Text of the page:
The average annual growth rate of the Albanian population for the period 1960-90 was 2.4 percent, or approximately three to four times higher than that of other European countries. Population growth was actively encouraged by the government, which deemed it "essential for the further strengthening and prosperity of socialist society." Albania had a population of 3,335,000 in July 1991, compared with 2,761,000 in mid-1981 and 1,626,000 in 1960. The most sparsely populated Balkan country until 1965, Albania attained a population density of 111 inhabitants per square kilometer in 1989--the highest in the Balkans. The 1991 growth rate was 1.8 percent.
In 1991 Albania had a birth rate of 24 per 1,000, and its death rate had declined from 14 per 1,000 in 1950 to 5 per 1,000. A concomitant of the reduced death rate was an increase in life expectancy. Official Albanian sources indicated that average life expectancy at birth increased from fifty-three years in 1950 to seventy-two years for males and seventy-nine years for females in 1991. The population was among the most youthful in Europe, with an average age of twenty-seven years, and the fertility rate--2.9 children born per woman--was one of Europe's highest.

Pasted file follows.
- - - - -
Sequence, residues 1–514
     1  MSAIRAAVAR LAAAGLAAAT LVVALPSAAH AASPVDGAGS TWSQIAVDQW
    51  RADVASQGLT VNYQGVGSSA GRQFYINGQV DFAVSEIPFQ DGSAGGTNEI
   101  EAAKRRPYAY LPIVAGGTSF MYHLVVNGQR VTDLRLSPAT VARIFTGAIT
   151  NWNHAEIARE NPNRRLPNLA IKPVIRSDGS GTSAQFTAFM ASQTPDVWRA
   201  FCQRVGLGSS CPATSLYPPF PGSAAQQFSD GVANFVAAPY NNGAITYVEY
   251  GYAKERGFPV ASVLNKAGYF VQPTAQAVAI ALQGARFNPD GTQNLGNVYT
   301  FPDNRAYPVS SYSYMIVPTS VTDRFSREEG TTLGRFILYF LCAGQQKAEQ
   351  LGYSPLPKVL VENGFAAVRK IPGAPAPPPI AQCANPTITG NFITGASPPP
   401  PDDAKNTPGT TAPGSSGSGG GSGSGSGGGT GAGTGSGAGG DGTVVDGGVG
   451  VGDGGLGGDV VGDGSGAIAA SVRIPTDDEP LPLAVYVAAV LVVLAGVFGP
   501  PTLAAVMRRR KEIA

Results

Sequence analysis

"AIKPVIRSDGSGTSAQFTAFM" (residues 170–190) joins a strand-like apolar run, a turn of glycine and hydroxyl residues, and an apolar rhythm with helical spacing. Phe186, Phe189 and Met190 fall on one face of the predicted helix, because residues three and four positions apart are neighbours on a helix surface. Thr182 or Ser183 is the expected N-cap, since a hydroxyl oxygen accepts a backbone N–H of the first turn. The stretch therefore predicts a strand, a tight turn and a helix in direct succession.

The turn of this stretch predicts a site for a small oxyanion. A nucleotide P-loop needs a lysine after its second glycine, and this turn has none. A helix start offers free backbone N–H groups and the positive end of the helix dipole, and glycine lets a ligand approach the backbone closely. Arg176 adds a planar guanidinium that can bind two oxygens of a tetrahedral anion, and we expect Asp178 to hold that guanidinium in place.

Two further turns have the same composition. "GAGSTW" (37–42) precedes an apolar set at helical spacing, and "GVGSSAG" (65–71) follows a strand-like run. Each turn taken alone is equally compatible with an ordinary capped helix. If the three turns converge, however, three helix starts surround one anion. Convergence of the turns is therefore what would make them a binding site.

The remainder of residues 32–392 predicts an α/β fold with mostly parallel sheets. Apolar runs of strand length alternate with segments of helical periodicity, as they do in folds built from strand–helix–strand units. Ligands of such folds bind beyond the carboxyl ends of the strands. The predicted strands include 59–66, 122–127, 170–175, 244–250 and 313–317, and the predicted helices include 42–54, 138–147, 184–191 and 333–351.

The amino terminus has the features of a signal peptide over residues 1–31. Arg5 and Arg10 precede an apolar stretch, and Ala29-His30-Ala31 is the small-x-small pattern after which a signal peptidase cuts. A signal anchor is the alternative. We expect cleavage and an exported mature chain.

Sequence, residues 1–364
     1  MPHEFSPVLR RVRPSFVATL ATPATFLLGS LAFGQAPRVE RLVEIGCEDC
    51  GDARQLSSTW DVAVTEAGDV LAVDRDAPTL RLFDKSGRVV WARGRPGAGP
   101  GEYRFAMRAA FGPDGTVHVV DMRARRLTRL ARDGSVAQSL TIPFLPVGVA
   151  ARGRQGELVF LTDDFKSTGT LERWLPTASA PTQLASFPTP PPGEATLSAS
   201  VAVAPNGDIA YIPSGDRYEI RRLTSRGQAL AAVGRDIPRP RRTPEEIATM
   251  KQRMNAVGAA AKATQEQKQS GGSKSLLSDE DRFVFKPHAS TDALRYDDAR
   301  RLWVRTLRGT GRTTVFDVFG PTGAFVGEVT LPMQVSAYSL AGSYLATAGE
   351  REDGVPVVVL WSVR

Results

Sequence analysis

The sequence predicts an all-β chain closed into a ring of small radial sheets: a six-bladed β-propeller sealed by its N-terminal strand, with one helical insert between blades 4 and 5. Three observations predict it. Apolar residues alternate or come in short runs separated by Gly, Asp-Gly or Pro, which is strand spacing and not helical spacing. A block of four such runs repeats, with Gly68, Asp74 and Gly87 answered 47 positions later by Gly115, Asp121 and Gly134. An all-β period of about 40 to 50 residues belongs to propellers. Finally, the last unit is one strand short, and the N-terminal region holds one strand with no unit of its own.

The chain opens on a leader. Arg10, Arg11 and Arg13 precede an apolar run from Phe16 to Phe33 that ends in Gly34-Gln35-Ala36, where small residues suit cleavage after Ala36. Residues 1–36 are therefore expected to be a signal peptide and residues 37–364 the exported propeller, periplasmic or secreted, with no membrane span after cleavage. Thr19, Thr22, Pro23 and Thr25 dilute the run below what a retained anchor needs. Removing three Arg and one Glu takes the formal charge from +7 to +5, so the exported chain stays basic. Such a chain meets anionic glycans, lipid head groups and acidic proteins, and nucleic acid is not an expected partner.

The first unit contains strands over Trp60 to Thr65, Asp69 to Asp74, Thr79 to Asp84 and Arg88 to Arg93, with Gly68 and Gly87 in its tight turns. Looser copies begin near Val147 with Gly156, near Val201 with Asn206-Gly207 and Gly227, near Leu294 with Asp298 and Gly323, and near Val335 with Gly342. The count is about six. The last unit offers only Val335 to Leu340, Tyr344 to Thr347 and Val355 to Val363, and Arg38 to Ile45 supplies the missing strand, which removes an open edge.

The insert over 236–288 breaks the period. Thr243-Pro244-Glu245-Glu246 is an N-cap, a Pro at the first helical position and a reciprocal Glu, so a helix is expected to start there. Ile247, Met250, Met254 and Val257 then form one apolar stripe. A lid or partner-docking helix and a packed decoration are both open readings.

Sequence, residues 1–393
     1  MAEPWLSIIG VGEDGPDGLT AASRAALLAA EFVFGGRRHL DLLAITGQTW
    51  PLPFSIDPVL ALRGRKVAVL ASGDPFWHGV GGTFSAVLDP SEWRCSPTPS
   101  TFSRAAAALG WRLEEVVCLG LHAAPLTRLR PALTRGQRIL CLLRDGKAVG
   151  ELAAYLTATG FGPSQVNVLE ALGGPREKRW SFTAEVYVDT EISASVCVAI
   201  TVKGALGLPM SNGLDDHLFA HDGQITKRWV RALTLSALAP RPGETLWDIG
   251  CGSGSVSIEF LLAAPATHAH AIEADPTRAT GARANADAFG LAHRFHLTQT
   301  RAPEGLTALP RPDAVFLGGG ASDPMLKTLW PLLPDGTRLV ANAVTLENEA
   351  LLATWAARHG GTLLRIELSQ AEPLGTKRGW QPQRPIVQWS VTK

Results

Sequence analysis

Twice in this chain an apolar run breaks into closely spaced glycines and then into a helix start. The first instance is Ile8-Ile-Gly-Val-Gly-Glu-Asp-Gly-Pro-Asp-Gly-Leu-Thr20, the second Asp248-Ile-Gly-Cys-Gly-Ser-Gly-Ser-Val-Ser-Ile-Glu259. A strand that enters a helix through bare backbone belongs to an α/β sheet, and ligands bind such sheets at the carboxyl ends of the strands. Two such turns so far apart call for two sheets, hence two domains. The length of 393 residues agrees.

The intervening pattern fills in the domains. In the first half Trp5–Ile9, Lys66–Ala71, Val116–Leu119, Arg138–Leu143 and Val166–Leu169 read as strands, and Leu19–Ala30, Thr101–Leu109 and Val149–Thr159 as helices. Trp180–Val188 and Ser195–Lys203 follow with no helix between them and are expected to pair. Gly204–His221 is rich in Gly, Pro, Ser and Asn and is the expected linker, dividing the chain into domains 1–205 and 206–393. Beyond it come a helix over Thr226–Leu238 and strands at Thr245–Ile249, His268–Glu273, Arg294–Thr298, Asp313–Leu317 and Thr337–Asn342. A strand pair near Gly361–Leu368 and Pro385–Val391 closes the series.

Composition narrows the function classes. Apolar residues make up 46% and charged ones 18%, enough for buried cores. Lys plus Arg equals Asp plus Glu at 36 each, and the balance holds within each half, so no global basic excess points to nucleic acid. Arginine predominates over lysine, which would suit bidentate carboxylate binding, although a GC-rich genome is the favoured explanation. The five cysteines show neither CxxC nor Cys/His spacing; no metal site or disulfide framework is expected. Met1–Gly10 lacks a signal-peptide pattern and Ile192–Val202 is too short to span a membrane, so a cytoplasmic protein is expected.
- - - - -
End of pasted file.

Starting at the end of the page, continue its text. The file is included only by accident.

Albania was the only country in Europe with more males than females. The disparity in the male-to-female ratio, which was 1,055:1,000 in 1970, had increased to the point where males accounted for 51.5 percent of the population in 1990, This discrepancy was attributed in part to a higher mortality rate among female infants, caused by neglect and the traditional deference accorded male progeny. Losses in World War II, estimated by the United Nations at 30,000 persons, or 2.5 percent of the population, apparently had little influence on the ratio of males to females.
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